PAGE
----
One of the issues that really exposes the nefarious double-speak of the airlines is their frequent flier programs. Ostensibly, the airlines seek to kindly reward their customers for their business, and to encourage them to continue to be customers into the future.
But the truth, obscured behind layers of double-talk and fine print, is sadly somewhat different. Did you know, for example, that the frequent flier miles you earn do not belong to you? According to the terms and conditions of the frequent flier program, ‘your’ frequent flier miles belong to the airline. This is the same whether you earned the miles from flights, from credit card charges, if they were ‘gifted’ to you, or if you plain bought them – they are the airline’s miles, not yours. Yes, you can buy miles from the airline, but you don’t actually get something that belongs to you in return!
You didn’t know that? Go check on the terms and conditions of your program. But, be prepared to do a bit of digging. For example, I bet you can’t find United’s Mileage Plus terms and conditions within say five clicks of their home page (I can’t).
Delta’s program rules are easier to find, and while they don’t actually come out and say ‘you don’t own your own miles’ that is the bottom line implication of what they do say. If they can take them away from you, if you can’t sell them to someone else, and if Delta can change the program rules at any time, or even end the program, it is clear you have no ownership rights in ‘your’ miles at all.
So what exactly is it you have received when you somehow see your frequent flier mile balance grow? That’s a good question, and the answer seems to be ‘less and less than you might think’. You need more miles than ever before to get a ‘free’ ticket – and even the concept of ‘free’ is dubious, because many times you’re up for charges to get the ticket issued, and/or changed, and/or cancelled – charges that many times exceed the cost to the airline of providing you with the free travel. Besides which, even if your ticket is free, maybe they’ll be able to sting you for a bag fee or some other additional charge during the flight.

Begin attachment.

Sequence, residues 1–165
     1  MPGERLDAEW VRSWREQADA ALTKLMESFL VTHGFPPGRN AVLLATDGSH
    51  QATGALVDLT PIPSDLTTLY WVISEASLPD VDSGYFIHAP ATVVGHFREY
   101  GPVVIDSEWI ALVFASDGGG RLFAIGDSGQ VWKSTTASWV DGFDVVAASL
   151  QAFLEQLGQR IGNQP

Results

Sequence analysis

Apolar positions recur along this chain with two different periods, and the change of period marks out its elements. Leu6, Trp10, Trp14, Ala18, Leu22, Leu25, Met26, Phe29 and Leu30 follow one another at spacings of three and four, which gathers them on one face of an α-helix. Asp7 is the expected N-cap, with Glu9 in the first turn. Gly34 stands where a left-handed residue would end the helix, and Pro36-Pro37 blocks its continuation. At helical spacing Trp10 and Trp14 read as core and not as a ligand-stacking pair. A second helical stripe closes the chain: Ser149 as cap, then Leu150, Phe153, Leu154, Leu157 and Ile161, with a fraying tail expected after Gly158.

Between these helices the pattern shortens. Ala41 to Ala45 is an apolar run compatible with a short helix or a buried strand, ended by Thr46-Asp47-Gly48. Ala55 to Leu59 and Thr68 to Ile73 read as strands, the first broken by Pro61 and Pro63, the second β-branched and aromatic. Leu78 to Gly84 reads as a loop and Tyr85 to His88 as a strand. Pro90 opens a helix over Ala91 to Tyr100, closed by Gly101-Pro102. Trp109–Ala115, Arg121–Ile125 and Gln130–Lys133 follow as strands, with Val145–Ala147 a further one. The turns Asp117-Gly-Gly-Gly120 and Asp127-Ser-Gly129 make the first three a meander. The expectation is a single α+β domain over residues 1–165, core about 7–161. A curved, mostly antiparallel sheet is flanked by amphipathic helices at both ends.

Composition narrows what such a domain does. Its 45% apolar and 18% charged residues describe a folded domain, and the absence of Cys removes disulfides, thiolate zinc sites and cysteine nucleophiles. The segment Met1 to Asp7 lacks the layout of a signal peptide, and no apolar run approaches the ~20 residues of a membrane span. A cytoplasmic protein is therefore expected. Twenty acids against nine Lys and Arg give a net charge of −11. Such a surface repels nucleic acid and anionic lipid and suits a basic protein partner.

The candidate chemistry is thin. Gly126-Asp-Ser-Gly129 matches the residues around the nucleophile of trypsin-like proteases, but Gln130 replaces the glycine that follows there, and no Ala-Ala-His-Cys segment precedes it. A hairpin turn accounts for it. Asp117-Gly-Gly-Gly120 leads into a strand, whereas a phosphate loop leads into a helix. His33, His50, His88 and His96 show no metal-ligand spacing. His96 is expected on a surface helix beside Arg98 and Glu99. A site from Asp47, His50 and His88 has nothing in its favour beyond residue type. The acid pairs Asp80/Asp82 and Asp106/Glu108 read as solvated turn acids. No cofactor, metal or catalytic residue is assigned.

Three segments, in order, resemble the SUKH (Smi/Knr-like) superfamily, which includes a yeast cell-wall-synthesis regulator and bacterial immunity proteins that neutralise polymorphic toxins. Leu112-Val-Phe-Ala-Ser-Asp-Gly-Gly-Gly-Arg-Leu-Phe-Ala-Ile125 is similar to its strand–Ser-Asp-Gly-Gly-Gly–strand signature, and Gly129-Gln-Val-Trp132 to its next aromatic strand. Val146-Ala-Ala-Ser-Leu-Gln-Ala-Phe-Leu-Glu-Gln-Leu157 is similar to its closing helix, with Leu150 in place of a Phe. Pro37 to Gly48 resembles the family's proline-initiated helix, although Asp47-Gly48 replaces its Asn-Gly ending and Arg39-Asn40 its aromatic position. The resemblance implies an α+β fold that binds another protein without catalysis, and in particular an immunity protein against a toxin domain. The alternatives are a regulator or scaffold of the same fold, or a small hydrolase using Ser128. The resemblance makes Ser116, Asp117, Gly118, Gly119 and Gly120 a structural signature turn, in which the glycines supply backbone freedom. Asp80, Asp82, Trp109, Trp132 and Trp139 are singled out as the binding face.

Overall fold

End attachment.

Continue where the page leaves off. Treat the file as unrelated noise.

Okay, so most of the preceding is old news, although perhaps you didn’t know that your miles don’t belong to you. Not only can you not freely transfer your miles to someone else, but if you die (or should that be – when you die!) your miles won’t automatically be part of your estate and passed on to your survivors.
But wait – there’s more. Here’s an excellent article that exposes the latest bit of perfidy on the part of two airlines – American Airlines and Southwest – when it comes to mileage programs. These airlines are trying to make it difficult or impossible for third party frequent flier mile manager programs to access your account information as part of the mile management services they offer.
Now why would the airlines object to these services knowing your mile balances, expiry dates, etc? Oh, the airlines trot out plenty of facetious excuses (quoted in the article) that range from uproariously ridiculous to plain pathetic, but do you think the real reason is they simply want to make it as hard as possible for you to manage and optimize the value you get from the frequent flier miles they grudgingly give to you? Surely not!
Indeed, these days, the airlines seem to want to distance their programs from the entire concept of frequent flier miles. Look at the AA Aadvantage ‘Style Guide’ where it says (point four of heading ‘Use of Company Names and Trademarks’) :
The AAdvantage® program may only be referred to as the AAdvantage® loyalty program, not a frequent flyer program
I preferred it when Aadvantage was a frequent flyer program, and felt much more loyal then than I do now that it is a ‘loyalty program’. I don’t even know that ‘loyalty program’ means, and I suspect the fuzzy phrase indicates AA’s own desire to avoid defining what Aadvantage no longer is, too.